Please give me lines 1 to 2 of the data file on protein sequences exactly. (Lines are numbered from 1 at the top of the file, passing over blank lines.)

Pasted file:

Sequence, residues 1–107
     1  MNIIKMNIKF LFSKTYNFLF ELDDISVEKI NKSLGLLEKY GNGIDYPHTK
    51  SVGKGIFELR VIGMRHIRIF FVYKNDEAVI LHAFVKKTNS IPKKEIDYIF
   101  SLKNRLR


Sequence, residues 1–107
     1  MNIIKMNIKF LFSKTYNFLF ELDDISVEKI NKSLGLLEKY GNGIDYPHTK